When it comes to supporting communities in becoming resilient to increasingly frequent climatic shocks, our role as UN Volunteers is just as important as any other. Teodora Traljic is a 23-year old Irish national who serves as a UN Youth Volunteer Climate Action Officer. She is assigned with the UN Environment and Climate Security Advisor to Somalia. Teodora’s assignment is one example of how young people and the power of their voice can have a huge impact in overcoming the challenges we face today, such as climate change.
I serve with the UN Environment and Climate Security Advisor to Somalia, whose position is under the UN Environment Programme, but who is seconded to the UN Assistance Mission in Somalia (UNSOM). This way, I have the unique opportunity to serve with two agencies.
With the Climate Security Advisor, our overarching goal is to assist Somali communities in becoming resilient to increasingly recurrent and frequent climatic shocks, while also mitigating possible climate-related conflicts.
We aim to achieve this through firstly mainstreaming climate security as a concept to our UN and Somali government counterparts, as it is a relatively new and under-researched area. We try to ensure environmental sustainability with a long-term lens by providing technical support and expertise to ongoing UN and other projects and activities in Somalia.
We play a major role in understanding and filling in the gaps that exist in understanding of how future climate projections in Somalia will impact the country, what we need to do about this, further research that is needed, and how the UN can support Somali communities as well as relevant counterparts in achieving climate and climate-conflict resilience. --Teodora Traljic, UN Youth Volunteer Climate Action Officer in Somalia
I am able to use this opportunity as a UN Volunteer to build my knowledge and awareness on climate change. Through my assignment, I am more aware about climate effects and best practices in terms of adaptation in Somalia. I disseminate this information to individuals who can utilize it on the ground, or who have larger platforms to promote messages on climate-change risks in Somalia, including the Deputy Special Representatives of the Secretary General (DSRSG).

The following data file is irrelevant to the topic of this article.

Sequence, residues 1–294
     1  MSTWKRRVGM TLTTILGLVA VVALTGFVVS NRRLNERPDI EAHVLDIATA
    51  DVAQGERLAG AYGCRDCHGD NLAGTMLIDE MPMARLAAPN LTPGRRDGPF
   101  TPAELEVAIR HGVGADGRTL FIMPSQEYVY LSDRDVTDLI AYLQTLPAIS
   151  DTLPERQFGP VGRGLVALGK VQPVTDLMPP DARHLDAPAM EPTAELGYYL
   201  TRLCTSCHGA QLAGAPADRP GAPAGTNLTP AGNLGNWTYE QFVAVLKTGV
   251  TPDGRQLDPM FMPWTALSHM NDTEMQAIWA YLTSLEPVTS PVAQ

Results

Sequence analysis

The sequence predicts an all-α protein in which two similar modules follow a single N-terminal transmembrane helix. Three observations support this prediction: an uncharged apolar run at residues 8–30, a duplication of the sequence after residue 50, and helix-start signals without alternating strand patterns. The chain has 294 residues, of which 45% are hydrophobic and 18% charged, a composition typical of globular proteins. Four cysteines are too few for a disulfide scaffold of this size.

I have been able to provide input into where my team thinks the UN and our Somali counterparts should focus on in tackling the urgent climate-crisis that Somalia is facing, and how we can best support on this.
Serving as a UN Volunteer has given me the chance to realize and hone my professional strengths and skills, while also giving me a hands-on and direct opportunity to work on what I find more challenging in a professional environment. --Teodora Traljic
This assignment has been an exceptional starting point in my career in climate-change and climate-security adaptation. It has also given me the chance to practically work on a topic that I care about; contributing in some way to the horrific climate shocks and effects that the average Somalis are facing directly in their everyday lives.
A recent study of 10,000 youth around the world found that over 50 per cent of young people felt sad, anxious, angry, powerless, helpless and/or guilty about climate change, and 45 per cent stated that their feelings about climate change negatively affected their daily life.
As young people, we are more likely to be concerned about climate change, and it is the youth who will live in the future climate scenario that we are shaping in this very moment. --Teodora Traljic
One way we can reduce our feeling of powerlessness is to use our voice and skills to get involved in creating the world that we want to live in.
The climate crisis is altering how we believe systems and structures need to work, we need innovation, new ideas and collective action to effectively tackle this global phenomenon. This is where it is absolutely vital that young people with passion and ideas work to create the future we want, and volunteerism is a great avenue through which this can be achieved. --Teodora Traljic